Another factor to keep in mind, what might you suspect is the reason for lots of gated neighborhoods in the Orlando metro area? Feel free to be politically incorrect.

  4. charleo1 says:

    The problem with stand your ground, is barring any witnesses, the winner
    can be exonerated by the fact he is the only one capable of testifying. This is
    why the Zimmerman case, in my opinion, is going to be a very uphill job for the
    State. When not fighting to make sure criminals have a clear path to obtaining
    a gun. The NRA presents Southern Yahoo Legislatures, like the one in Florida.
    With laws, like stand your ground. So, they not only make buying a gun, and
    carrying a gun, in more places than than ever before. It makes getting away
    with murdering someone with a gun easier. To show what complete idiots
    we’ve got in State Government. They opened up the Capital Building last year!
    Now, they’ve all got these little red panic buttons installed in their offices.

    • glorybe2 says:

      I watched the opening arguments for the Zimmerman trial. There is plenty of evidence that Zimmerman was not guilty already. The entire trial is a travesty of justice. A court room is not the place to decide whether a crime took place or not. When police are convinced that a crime took place and they feel that guilt is a certainty then is the time to make an arrest. Cops on the scene determined that no crime took place.
      Zimmerman was attacked. The nature of the attack was felonious. If he had no used that gun he would be a dead man or brain injured at the very least. Martin was in peoples’ front yards as well as back yards and was not walking along the street. Martin also walked forward to attack. Bashing a man’s head into concrete is not a mistake by an innocent. It is attempted murder,mayhem and deserving of lethal force. If Martin had survived a minimum 30 year prison sentence would have been called for.

      • charleo1 says:

        I gotta tell you, we do not have many agreements, you and I,
        on this case. We do not look at in the same way. However, I do
        see the State’s hand as being forced, or coerced to bring charges. Because of the perception by the African American communities,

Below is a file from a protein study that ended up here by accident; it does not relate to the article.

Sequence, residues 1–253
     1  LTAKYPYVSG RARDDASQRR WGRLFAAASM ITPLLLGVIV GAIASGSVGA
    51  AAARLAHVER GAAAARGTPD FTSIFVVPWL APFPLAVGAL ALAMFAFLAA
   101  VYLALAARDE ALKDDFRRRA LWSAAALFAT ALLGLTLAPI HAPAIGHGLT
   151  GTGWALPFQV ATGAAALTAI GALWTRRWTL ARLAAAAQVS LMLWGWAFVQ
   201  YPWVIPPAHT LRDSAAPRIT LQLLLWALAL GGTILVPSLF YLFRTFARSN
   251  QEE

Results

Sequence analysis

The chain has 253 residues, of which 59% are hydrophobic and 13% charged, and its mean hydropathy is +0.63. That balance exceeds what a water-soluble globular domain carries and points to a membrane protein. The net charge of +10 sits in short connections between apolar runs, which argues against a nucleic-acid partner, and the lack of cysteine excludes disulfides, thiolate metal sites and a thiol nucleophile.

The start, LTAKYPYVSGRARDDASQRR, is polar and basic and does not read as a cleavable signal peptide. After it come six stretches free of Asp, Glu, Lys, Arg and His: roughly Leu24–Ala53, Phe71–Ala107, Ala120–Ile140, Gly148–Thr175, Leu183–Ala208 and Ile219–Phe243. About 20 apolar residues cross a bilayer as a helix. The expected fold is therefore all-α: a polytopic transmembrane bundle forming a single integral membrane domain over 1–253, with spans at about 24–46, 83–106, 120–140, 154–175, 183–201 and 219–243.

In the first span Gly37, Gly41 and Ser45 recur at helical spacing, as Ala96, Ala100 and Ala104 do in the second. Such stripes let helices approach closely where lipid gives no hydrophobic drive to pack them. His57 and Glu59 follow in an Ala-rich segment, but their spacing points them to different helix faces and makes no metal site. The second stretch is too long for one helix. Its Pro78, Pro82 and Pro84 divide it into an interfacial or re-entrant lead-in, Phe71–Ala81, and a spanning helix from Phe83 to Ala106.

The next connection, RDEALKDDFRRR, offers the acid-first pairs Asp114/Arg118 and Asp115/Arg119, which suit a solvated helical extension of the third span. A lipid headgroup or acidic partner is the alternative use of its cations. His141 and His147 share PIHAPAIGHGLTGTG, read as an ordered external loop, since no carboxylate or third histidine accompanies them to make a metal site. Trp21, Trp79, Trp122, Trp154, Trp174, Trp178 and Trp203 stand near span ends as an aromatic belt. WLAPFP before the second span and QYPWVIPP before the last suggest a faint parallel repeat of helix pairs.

and by a fair number of noted leaders in their community, that Mr. Zimmerman had received special treatment by the Sanford Police
        on the night of the incident. And, there were also apparent, or perceived anomalies, surrounding the unusual length of time in obtaining the coroner’s autopsy report. But, this could be of no consequence. Because, this did not happen in Miami. But in a
        rather small rural town. So, if we set aside any major blunders
        by the Police, or Coroner, that has not been reported, and only
        comes to light in the trial. The movements of both Martin, and
        Zimmerman have been established as near as can be, given
        there are no witnesses. But the State’s toughest problems
        to convict, with no reasonable doubt, begins at the moment,
        these two subjects meet. And, without witness, I don’t see
        how they establish George Zimmerman acted any way, that
        would not fall within the wide boundaries of Stand Your Ground.

        • glorybe2 says:

          To convict Mr. Zimmerman the jury would have to totally violate the stand your ground law. Google the Florida statute and read it. One section applies perfectly to this case. There is no obligation to avoid confrontation or modify a potentially violent clash at all. It used to be next to impossible to defend oneself in Florida. Now it is quite easy. Like it or not it is the current law.

          • charleo1 says:

            Stand your ground, like it or not? I would choose not. Here’s
            why. First, the law is ambiguous. And the Zimmerman case
            is an excellent example of why this law should be more
            specific as to how it determines, which antagonist owns the
            “ground,” from which they have no obligation to retreat.
            As in this case, both Zimmerman, and Marten, had legitimate
            reasons to be, where the altercation took place. So, it is here
            the case aganist Zimmerman is the strongest. In that he pursued Martin. And if he doesn’t do that, all that followed,
            including the killing of Martin, doesn’t happen. So one question for the jury is, can the instigator, which Zimmerman clearly was, be held harmless, because he was in fear for
            his life, in an encounter he precipitated? In other words,
            who’s ground was it? The pursuer, or Travon Martin, who
            occupied the, “ground,” he’s entitled to stand on? Secondly,
            the law calls for Police investigating the incident, or a jury,
            to pass judgement as to the inner workings of the mind, of
            the individual in question. Could he, or she reasonably be
            expected to be in fear for their life? And, it is here the law
            opens itself up to all manner of speculation. As every person
            has the Rights of self defense. But, where self defense ends,
            and unavoidable confrontation occurs, the law doesn’t say.
            So, say you’re out taking a nice walk. Say, I don’t like the
            cut of your jib, and demand to know where you live. You
            turn, run, and I catch you. At which point you start in kicking
            my rear end. I then realize, since I am armed, you could
            knock me out, take my gun, and shoot me. So I take a